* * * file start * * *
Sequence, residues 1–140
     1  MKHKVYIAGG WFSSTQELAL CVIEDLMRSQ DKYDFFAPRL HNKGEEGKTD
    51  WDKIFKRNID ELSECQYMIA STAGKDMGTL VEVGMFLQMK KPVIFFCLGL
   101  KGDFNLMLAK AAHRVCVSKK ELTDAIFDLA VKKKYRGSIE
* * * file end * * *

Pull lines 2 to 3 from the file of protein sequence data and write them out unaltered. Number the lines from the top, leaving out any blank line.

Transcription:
     1  MKHKVYIAGG WFSSTQELAL CVIEDLMRSQ DKYDFFAPRL HNKGEEGKTD
    51  WDKIFKRNID ELSECQYMIA STAGKDMGTL VEVGMFLQMK KPVIFFCLGL